A tireless steward and outspoken advocate for Langley’s natural environment has died.
Rhys Griffiths passed away on Saturday, Feb. 3. He was 92 years old.
Mr. Griffiths was born in England. With his wife, Annabel, he came to Canada in 1958, and dedicated his later years to the many environmental causes that were close to his heart.
From his Langley City home overlooking Brydon Pond — which he described as a jewel in Langley’s park system — he took an active role in helping to ensure the reclaimed lagoon stayed healthy enough to support the fish and bird life that depend on it.
That effort included taking a leading role in a five-year campaign to eliminate purple loosestrife, an invasive weed that, while beautiful, was spreading rapidly and choking the life out of the lagoon.
During the B.C. Day long weekend in 2014 a heatwave resulted in a massive fish kill in Brydon Pond. Poor oxygenation and rising sediment levels were blamed.
Along with fellow LFN member, Anthea Farr, Griffiths took an active role in helping to ensure another such disaster would not occur.
Together he and Farr led a walk around the pond the following October. The purpose of the outing was to draw attention to the plight of the lagoon and brainstorm ideas about how to return the pond to health. Griffiths encouraged participants to think big when it came to possible solutions.
“We’re looking for feedback,” he said. “It can be reasonably wild, because you can ignore such mundane things as money.”
If something is important enough, he noted, money can always be found.
In the late 1990s Mr. Griffiths was instrumental in helping to revitalize the Langley Field Naturalists, serving as president for a number of years, and drawing his longtime friend Bob Puls into the LFN fold.
Puls, who has served as LFN president for the past 10 years, described Mr. Griffiths as “the keeper of Brydon Lagoon.”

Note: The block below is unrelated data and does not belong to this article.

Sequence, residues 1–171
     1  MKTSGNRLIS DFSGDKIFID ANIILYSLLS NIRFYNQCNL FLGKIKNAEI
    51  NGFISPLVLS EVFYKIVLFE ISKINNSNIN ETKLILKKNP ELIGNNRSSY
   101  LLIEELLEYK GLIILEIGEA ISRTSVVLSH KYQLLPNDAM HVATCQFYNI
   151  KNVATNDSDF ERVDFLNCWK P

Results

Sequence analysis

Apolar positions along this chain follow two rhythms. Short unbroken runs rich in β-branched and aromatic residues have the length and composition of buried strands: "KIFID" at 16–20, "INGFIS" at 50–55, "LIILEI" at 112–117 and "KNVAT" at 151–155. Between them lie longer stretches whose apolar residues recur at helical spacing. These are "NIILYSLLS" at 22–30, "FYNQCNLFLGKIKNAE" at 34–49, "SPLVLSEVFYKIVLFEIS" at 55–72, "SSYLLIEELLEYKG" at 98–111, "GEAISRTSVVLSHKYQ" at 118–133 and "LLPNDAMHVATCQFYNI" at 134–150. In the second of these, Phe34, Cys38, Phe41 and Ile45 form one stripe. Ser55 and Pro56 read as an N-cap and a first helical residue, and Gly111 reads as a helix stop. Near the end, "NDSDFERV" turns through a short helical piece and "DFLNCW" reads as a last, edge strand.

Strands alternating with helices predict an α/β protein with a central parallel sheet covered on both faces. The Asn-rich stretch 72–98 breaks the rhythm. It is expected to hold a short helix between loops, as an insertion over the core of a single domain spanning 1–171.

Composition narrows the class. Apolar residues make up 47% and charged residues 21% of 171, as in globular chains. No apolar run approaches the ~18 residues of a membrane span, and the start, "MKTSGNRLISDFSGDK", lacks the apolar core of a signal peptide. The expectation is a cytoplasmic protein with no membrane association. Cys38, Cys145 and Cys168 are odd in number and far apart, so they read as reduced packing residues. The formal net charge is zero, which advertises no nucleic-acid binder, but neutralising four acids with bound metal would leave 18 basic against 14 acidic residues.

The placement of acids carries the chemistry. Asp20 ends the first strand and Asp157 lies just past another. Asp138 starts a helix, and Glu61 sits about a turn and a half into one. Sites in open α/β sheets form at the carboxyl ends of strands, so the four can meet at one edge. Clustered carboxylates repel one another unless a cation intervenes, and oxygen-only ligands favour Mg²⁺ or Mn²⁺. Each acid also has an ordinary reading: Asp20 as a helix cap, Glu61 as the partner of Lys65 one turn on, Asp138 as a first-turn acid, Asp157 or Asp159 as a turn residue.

“He lived on site, so he was a watchman,” said Puls.
“He was essentially my mentor. What I will really miss is he used to phone me every day to check up on me and make sure I was doing my job.
“That’s not what he would say of course,” Puls chuckled.
“I’m going to miss those calls.”
Fellow Langley Field Naturalists Al and Jude Grass remembered Mr. Griffiths as a passionate advocate for the environment, who held politicians’ feet to the fire.
“He was a wonderful naturalist and conservationist and a kindred spirit — someone I could talk to about any number of subjects,” said Al Grass.
He recalled sitting with Mr. Griffiths in his kitchen, enjoying a cup of tea and watching the waterfowl on the lagoon.
“He was a wonderful man, a wonderful human being … he cared about people and he cared about the community.
“I’m going to miss him a lot,” said Al.
“He was a true gentleman,” said Jude Grass.
Another group that benefited from Mr. Griffiths’ passion for nature, is the Langley Environmental Partners Society, where he served as director.
In addition to his environmental work, Mr. Griffiths also volunteered with Douglas Park school’s breakfast program, showing up at 7.30 to cook scrambled eggs for students.
During his time in Langley, Mr. Griffiths received the Legacy Stewardship and BC Nature’s Service awards and was honoured as Langley City’s Senior Citizen of the Year and as a Langley City Special Volunteer.
In recognition of his wide ranging contributions to the community, he was also among Canada’s recipients of the Queen’s Diamond Jubilee medal in 2012.
He was president of Pollution Probe in North Bay 1969-72, and active environmental organization in Ontario. There, he received the Dorothy Walford Memorial Award in 1971.
Mr. Griffiths is survived by his wife Annabel and sons Peter and Tony. He was predeceased by his son David.
A Celebration of Life will be held at 3 p.m. on Saturday, Feb. 10, at St. George’s Anglican Church in Fort Langley.